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Sunday, Nov. 6, 2005
Koike pledges to push carbon tax to meet goals under Kyoto Protocol
By ERIKO ARITA
Japan needs to introduce a carbon tax to cut greenhouse gas emissions and achieve its target under the Kyoto Protocol, according to Environment Minister Yuriko Koike.
Koike, 53, who was reappointed by Prime Minister Junichiro Koizumi to the post, is the longest-serving environment minister, holding the portfolio for 25 months since September 2003. She said tackling global warming is one of the major tasks that Koizumi told her to continue pursuing.
"As the Kyoto Protocol took effect in February, we have no time to waste" to make every effort to meet Japan's reduction target, Koike said in a recent interview.
While Japan has to cut greenhouse gas emissions by 6 percent from 1990 levels by 2012 under the protocol, its emissions in fiscal 2004 were 7.4 percent higher than the 1990 levels, according to a ministry report released last month.
Last year, the ministry proposed to the government's Tax Commission a plan to introduce an "environment tax" on carbons aimed at discouraging fossil fuel use. But the idea met strong opposition from the business community.
On Oct. 25, the ministry announced a revised version of the tax, in which processors and importers of liquefied petroleum gas and kerosene, for example, would have to pay 2,400 yen per ton of carbon contained in the fuel, the same as the previous proposal.
Industries that use coal, natural gas and heavy oil would pay the same tax rate.
However, under the new proposal, the levy would not be imposed on gasoline, light oil and jet fuel for the time being given the current high price of crude oil, according to Koike.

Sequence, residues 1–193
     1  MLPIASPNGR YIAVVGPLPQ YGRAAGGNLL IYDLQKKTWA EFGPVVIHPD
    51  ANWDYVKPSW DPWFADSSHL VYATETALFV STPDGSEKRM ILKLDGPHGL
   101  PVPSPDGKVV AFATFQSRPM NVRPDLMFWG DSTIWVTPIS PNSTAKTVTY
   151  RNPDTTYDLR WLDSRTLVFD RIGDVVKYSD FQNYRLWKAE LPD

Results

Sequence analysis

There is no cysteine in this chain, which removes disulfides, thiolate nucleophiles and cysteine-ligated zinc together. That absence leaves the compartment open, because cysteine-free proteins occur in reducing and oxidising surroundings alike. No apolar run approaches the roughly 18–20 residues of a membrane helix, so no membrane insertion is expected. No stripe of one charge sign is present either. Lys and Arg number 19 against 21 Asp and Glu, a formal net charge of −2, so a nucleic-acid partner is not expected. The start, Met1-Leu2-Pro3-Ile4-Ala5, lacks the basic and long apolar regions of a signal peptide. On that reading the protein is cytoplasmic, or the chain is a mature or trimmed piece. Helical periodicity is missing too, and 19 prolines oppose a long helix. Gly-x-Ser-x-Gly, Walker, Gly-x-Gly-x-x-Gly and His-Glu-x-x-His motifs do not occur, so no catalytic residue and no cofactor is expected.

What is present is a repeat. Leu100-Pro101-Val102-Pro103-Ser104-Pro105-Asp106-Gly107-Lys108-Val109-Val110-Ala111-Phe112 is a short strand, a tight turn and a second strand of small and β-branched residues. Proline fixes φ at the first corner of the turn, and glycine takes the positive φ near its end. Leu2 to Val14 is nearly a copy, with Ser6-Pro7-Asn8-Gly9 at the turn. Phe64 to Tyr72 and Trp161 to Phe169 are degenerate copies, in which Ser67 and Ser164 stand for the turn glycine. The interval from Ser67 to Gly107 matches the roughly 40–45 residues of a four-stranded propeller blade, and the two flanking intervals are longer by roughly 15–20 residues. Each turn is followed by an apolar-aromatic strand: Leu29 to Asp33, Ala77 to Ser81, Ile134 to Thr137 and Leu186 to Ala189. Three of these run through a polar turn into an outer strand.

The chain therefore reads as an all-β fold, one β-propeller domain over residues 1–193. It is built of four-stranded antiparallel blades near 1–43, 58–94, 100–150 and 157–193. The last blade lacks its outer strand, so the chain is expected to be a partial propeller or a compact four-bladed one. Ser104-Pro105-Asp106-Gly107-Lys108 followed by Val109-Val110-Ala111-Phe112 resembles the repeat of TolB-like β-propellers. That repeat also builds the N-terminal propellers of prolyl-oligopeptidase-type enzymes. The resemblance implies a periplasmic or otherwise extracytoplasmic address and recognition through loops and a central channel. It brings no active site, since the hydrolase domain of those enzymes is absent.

"I will ask (industries) to understand that the tax does not hurt the economy," she said. "I want to explain the need for the tax to the public."
As another measure to tackle global warming, the government staged the "Cool Biz" campaign last summer to promote lighter clothing in offices to reduce use of air conditioners. Koike actively promoted the effort and succeeded in making the more casual dress code popular among the public.
There was speculation before the Cabinet reshuffle that Koike would be rewarded for successfully running against a candidate who opposed Koizumi's postal privatization drive in the Sept. 11 election.
Asked whether she was disappointed with being retained as environment minister, Koike said on the contrary she was happy.
"I was concerned that (the no-necktie trend promoted by the Cool Biz campaign) might be reversed if a minister with a tie was appointed" to the post, she said. "The ministry will work hard to spread the dress code next summer, too."
Referring to public concern over asbestos problems, Koike said the government is currently discussing details of a bill that would provide financial aid to victims of asbestos-related mesothelioma who cannot receive assistance under current laws.
She said the government aims to submit the bill to the Diet early next year so the victims can receive the aid as early as possible.
While serving as the environment minister, Koike continues to hold the portfolio of minister in charge of Okinawa and affairs related to the Northern Territories.
Late last month, Tokyo and Washington agreed on an interim report on realigning the U.S. forces in Japan -- including moving the U.S. Marine Corps' Futenma Air Station in Ginowan, Okinawa Prefecture, further northeast to Camp Schwab and a section of shallow water offshore.
Koike said she will make efforts to gain the understanding of Okinawa residents for the plan by promoting discussions between the public and the central government.
As Russian President Vladimir Putin is slated to visit Tokyo later this month, Koike said she will try to raise public awareness on the territorial dispute over the Russian-held islands off Hokkaido.